Over the last three years, numerous cities and states as well as the U.S. Congress have examined taxation for sweetened beverages where the proceeds would support local nutrition, physical activities, and health-related prevention programs. However, the motivation behind the “soda taxes” was mostly centered on raising revenue during this recession in addition to health concerns like obesity. In a trailblazing event, the New York City Board of Health approved a ban beginning March 12, 2013, as explained in Health Panel Approves Restriction on Sale of Large Sugary Drinks. This ban affects establishments receiving health department inspection grades such as concession stands at movie theaters or stadiums in addition to fast-food restaurants with self-service drink fountains where standard stock cups are limited to no larger than 16 ounces. However, convenience stores, such as 7-Eleven with its king-size Big Gulp drinks, vending machines, and newsstands along with fruit juices, dairy-based drinks like milkshakes, alcoholic beverages, and non-caloric sodas were not affected by the ban. “This is the single biggest step any city, I think, has ever taken to curb obesity,” said Mayor Michael Bloomberg. “It’s certainly not the last step that lots of cities are going to take, and we believe that it will help save lives.” The American Beverage Association along with several NYC’s businesses have filed legal action in the State Supreme Court in Manhattan to overturn the restrictions as proposed by Mayor Bloomberg and approved by the Board of Health in Soda Industry Sues to Stop a Sales Ban on Big Drinks (10/12/2012). In this article, Dr. Deepthiman K. Gowda, a professor of medicine at Columbia University and a member of the Board of Health, said he recognized that the public had concerns about the plan. But, he said, he had seen firsthand the deadly effect of obesity on patients he has treated in the city. “The same way that we’ve become acclimatized and normalized to sodas that are 32 ounces, we’ve started to become acclimatized to the prevalence of obesity in our society,” Dr. Gowda said. “The reality is, we are in a crisis, and I think we have to act on this.”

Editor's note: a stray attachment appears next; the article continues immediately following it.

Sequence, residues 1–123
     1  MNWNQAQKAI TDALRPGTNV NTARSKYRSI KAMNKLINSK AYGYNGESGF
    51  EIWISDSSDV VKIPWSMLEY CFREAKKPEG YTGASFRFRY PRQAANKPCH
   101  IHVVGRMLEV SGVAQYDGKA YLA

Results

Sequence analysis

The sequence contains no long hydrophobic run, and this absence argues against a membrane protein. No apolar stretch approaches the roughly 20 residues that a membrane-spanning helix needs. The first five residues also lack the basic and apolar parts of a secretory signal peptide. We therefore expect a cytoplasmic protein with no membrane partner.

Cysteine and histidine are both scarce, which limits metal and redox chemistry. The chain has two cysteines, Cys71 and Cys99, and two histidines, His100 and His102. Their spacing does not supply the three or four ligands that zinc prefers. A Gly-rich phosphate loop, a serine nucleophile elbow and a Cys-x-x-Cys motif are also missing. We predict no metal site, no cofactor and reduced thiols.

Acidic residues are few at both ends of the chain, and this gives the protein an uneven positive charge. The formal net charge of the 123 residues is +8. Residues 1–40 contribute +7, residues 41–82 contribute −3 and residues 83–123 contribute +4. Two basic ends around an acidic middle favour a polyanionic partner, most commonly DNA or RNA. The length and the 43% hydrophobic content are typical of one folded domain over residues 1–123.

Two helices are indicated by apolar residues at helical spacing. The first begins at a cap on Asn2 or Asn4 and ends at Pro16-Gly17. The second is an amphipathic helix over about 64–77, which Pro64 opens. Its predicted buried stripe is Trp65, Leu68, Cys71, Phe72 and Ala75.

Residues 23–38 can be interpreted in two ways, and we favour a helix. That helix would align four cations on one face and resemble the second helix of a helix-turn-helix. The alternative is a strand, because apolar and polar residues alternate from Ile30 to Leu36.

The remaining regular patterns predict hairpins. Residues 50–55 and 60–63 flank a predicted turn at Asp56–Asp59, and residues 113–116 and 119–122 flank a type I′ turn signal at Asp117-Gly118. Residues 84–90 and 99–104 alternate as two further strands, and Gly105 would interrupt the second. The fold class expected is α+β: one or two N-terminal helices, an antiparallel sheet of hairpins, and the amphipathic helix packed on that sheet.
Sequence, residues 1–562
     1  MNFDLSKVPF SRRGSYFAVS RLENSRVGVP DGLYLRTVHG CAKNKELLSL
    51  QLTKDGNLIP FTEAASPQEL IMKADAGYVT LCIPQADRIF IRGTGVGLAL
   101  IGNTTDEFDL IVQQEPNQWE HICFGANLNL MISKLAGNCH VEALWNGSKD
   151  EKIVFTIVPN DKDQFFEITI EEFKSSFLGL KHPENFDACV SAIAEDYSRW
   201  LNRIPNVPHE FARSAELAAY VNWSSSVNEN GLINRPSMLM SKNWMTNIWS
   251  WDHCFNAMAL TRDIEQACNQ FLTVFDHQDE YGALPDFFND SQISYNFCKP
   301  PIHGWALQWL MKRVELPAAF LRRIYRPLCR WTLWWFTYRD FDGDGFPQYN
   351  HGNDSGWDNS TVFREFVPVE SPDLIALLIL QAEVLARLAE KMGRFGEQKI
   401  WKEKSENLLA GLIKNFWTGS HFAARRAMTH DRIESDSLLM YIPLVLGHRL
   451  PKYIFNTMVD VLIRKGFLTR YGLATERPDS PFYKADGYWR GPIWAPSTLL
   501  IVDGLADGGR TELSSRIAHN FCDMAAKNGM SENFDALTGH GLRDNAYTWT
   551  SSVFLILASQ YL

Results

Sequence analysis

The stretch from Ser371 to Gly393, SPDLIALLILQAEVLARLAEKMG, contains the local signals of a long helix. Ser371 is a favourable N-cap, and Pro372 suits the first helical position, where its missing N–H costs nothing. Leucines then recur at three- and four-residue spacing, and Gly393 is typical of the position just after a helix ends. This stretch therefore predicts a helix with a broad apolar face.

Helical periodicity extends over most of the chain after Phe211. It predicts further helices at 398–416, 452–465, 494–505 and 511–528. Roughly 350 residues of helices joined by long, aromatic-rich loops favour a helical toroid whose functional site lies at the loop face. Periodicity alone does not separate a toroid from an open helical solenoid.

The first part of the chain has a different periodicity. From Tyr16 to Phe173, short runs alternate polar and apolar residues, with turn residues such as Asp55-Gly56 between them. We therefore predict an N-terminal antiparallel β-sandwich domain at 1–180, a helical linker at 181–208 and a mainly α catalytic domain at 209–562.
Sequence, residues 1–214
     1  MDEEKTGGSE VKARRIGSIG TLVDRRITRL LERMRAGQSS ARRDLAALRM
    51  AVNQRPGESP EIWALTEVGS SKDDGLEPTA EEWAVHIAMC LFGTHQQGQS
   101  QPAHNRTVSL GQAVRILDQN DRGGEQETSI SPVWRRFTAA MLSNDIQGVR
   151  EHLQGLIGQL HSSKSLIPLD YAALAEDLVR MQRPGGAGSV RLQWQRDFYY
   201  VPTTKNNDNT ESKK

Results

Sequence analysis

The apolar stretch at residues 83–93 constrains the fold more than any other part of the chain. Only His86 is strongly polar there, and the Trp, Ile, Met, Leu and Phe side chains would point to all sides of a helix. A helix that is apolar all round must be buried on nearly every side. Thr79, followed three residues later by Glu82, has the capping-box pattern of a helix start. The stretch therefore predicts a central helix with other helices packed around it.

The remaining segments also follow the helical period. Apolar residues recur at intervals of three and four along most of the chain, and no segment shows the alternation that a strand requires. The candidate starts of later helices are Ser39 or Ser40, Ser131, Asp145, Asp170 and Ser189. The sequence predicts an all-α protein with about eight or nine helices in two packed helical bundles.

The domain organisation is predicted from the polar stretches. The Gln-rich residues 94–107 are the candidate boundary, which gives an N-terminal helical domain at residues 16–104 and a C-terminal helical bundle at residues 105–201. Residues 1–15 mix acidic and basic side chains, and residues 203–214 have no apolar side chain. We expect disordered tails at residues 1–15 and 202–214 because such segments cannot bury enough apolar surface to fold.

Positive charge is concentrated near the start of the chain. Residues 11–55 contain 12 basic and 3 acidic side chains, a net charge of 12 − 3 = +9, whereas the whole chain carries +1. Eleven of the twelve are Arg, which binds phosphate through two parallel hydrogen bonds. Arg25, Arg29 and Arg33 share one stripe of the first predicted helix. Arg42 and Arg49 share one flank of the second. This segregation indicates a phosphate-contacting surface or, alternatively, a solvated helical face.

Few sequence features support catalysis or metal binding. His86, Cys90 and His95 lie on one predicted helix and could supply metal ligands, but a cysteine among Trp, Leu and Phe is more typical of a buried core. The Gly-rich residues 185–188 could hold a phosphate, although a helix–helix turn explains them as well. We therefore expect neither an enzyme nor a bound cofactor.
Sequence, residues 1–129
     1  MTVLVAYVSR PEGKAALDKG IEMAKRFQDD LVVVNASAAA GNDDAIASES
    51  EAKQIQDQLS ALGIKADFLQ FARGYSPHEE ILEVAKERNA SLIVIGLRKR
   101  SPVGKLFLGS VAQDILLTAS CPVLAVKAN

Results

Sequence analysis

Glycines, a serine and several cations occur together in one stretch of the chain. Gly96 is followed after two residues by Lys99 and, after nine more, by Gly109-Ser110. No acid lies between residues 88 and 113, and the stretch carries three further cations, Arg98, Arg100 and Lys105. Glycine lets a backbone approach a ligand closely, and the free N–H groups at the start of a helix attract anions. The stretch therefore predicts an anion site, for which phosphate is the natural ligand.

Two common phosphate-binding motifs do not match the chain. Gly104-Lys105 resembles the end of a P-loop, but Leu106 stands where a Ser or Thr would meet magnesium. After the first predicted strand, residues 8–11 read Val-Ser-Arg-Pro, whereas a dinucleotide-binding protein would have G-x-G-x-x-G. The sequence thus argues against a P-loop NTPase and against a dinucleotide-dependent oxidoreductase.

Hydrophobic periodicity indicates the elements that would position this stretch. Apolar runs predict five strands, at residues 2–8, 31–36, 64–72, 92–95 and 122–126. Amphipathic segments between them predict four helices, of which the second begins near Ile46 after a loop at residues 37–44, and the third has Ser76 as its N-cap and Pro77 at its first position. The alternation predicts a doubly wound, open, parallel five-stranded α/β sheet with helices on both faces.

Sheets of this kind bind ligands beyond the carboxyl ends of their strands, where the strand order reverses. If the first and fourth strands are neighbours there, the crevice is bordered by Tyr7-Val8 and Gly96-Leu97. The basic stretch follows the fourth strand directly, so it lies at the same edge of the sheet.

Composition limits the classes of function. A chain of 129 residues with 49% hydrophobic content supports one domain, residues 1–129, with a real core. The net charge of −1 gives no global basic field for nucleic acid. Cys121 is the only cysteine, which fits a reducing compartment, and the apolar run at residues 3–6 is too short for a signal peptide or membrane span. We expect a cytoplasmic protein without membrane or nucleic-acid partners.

A special audio report from California Healthline, a daily news service of California Healthcare Foundation, described local soda tax measures on the November 2012 ballot in Richmond, a city in the San Francisco Bay area and El Monte, a city near Los Angeles, in California Cities Gear Up to Vote on Ballot Initiatives to Tax Sugar-Sweetened Beverages (9/12/2012). Using the Yale Rudd Center for Food Policy & Obesity’s Soft Drink Taxes: A Policy Brief study, which explains research data and the pros and cons stated: “Sugar-sweetened beverages with little or no nutrition are staples of today’s American diet. These beverages are inexpensive, in abundant supply, and appeal to our taste for sugar. They are heavily marketed, especially to children, often using celebrities, sports stars, and cartoon characters. More than for any category of foods, rigorous scientific studies have shown that consumption of soft drinks is associated with poor diet, increasing rates of obesity, and risk for diabetes. These links are strong for children.” Also, a recent study from the California Center for Public Advocacy found 38% of children in the state are obese; however, in both Richmond and El Monte the marker increases to 50% prompting these cities’ tax measures. A statement from Jeff Ritterman, Richmond City Council and cardiologist, expressed “What the public health literature is telling us is that this obesity epidemic is caused in large part from excess sugar and the major culprit is sugar-sweetened beverages, and we're also told that the very best way to reverse this is a sugar-sweetened beverage tax."
Although soda taxation measures have failed repeatedly in previous tax initiatives throughout the country, the success of New York’s ban and taxation derive at limiting sugar-sweetened beverages consumption are winning strategies that will have long term health benefits for the American people. Susanne L Woodford, Freelance Writer